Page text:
WATCH: Langa's Airbnb serves up the real deal - Cape-style hospitality

17 March 2017 - 19:23 By Petru Saal
Linda Pona outside her home in Langa.
Linda Pona outside her home in Langa.
Image: Anthony Molyneaux

When you step into the home of Nombulelo Msizi you are transported from the hustle and bustle of Harlem Street in Langa into a tranquil new world.

Singer Brenda Fassie grew up in this very street. And it’s now the address of Skamba Bed and Breakfast – an immaculate Airbnb run by Msizi.

Msizi moved to Cape Town from the Eastern Cape when she was 18 years old. After working at a hospital‚ restaurants and various hotels in the Mother City she took the plunge and opened her bed and breakfast - a lifelong dream.

Her bright green home stands in stark contrast to the neutral colours of her neighbours’ homes.

Training to be an Airbnb host started in December and today Msizi‚ and eight others from Langa‚ graduated from a business development course presented by the Ekhaya Le Langa Community Centre.

What was once a quaint one bedroom house for Msizi and her five children is now a four bedroom home. Two of the rooms are used solely to host guests. The décor is African‚ with images of the big five and reed wall covers.


For about R500 a night‚ guests can sleeps in a furnished house‚ have home cooked meals and be taken on tours of Langa‚ the residents of which played a vital role in the resistance against apartheid.

Cape Town is fast becoming a growing market for Airbnb with 17 500 currently listed in the city. In 2016‚ 415 000 people made use of Airbnb. Depending on its location and style‚ a single Airbnb host can make up to R28 400 for just one booking.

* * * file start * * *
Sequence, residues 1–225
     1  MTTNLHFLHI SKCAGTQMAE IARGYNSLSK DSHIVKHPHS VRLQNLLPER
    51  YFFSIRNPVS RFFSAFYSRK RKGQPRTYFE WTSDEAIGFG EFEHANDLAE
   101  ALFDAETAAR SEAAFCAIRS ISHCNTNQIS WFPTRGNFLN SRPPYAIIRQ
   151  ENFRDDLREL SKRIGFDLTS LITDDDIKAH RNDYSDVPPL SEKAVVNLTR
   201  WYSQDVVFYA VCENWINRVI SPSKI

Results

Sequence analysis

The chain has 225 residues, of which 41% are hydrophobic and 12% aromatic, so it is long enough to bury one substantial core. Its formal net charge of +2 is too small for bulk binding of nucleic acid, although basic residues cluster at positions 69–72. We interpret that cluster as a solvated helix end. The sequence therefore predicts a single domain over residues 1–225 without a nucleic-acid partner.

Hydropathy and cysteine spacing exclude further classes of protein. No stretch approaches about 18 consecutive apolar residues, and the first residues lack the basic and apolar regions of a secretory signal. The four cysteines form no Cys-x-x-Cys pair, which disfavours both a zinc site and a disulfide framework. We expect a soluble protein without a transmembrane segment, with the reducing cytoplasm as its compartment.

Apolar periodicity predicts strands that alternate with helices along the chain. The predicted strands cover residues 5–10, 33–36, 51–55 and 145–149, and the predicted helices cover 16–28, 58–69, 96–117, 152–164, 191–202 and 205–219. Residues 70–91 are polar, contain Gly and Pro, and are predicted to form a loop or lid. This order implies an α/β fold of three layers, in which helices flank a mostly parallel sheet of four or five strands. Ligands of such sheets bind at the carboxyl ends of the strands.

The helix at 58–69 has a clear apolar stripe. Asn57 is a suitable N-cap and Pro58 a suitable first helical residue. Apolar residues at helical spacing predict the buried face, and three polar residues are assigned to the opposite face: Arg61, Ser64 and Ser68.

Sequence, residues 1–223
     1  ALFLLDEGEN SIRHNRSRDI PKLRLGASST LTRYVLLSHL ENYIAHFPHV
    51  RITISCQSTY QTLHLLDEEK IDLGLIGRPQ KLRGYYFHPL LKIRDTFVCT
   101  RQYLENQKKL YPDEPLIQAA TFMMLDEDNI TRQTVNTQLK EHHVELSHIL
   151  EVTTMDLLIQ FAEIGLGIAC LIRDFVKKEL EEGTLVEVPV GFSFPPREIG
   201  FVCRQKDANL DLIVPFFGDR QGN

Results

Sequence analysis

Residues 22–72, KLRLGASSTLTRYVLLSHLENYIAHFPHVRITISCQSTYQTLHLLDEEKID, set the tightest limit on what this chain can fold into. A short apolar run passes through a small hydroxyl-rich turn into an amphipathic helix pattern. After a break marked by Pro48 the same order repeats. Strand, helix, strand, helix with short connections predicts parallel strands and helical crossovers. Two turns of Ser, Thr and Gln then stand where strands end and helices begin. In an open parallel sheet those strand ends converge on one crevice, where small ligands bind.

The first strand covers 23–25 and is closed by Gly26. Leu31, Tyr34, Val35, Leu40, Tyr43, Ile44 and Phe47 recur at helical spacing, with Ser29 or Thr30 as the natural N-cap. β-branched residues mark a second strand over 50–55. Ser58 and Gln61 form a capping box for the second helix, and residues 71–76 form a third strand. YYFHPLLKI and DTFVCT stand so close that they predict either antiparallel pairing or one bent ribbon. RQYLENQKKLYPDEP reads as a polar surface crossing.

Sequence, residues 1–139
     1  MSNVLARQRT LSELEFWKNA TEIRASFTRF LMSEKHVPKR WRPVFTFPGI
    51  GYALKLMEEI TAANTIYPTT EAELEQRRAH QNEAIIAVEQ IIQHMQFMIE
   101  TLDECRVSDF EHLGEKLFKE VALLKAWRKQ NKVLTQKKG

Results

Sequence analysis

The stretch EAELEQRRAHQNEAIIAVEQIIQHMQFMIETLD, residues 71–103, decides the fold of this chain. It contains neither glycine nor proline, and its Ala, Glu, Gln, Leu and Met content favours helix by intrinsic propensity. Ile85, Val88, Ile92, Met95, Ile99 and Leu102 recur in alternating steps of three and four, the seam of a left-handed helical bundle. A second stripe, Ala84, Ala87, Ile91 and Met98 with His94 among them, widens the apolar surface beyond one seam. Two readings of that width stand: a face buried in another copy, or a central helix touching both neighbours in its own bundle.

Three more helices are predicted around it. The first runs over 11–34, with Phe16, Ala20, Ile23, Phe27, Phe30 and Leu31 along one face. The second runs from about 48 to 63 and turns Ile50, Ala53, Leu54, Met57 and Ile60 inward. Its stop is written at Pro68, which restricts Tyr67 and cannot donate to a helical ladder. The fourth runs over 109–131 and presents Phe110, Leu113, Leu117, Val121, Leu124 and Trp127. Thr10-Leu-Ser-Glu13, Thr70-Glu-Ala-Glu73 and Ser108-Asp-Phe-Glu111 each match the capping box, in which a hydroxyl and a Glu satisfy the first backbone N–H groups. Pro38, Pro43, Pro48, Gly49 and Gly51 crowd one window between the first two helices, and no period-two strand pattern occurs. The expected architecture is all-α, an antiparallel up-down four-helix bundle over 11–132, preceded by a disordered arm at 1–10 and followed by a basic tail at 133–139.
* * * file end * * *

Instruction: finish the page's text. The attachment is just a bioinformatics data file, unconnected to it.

Linda Pona also makes use of Airbnb to advertise her bed and breakfast in Langa. This is her primary source of income and it allows her to build her dream home brick by brick.

Guests are particularly fond of her husband‚ who is wheelchair bound. He entertains guests with struggle stories and how he marched with thousands of others to call for an end to the regime.

In both homes guests are treated to traditional meals such as steamed bread‚ vetkoek and samp and beans. Pona said this is what visitors prefer because they want to get the complete cultural experience.

Tony Elvin‚ founder of the Ekhaya Le Langa Community Centre‚ has been vital in striking up the partnership between the Langa women and Airbnb. He said “people of Langa have endured so much but are the friendliest and hospitable people”. Co-founder of Airbnb Brian Chesky surprised the ladies at their graduation. He started the company nine years ago with a roommate in the United States after they opened their home to conference when hotels were fully booked.

The Airbnb name came about because Chesky did not have real beds but air mattresses for their guests. The global hospitality company has donated 3 computers to the Langa community centre and the women will be able to check bookings for their homes.